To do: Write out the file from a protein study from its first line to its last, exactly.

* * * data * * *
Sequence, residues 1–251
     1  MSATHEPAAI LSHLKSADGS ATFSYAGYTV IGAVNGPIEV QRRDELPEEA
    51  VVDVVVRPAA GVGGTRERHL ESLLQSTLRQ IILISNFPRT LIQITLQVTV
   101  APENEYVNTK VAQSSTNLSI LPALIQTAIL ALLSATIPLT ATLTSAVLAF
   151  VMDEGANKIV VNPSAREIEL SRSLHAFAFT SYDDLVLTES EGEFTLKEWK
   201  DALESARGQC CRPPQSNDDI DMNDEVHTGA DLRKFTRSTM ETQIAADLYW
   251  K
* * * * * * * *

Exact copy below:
Sequence, residues 1–251
     1  MSATHEPAAI LSHLKSADGS ATFSYAGYTV IGAVNGPIEV QRRDELPEEA
    51  VVDVVVRPAA GVGGTRERHL ESLLQSTLRQ IILISNFPRT LIQITLQVTV
   101  APENEYVNTK VAQSSTNLSI LPALIQTAIL ALLSATIPLT ATLTSAVLAF
   151  VMDEGANKIV VNPSAREIEL SRSLHAFAFT SYDDLVLTES EGEFTLKEWK
   201  DALESARGQC CRPPQSNDDI DMNDEVHTGA DLRKFTRSTM ETQIAADLYW
   251  K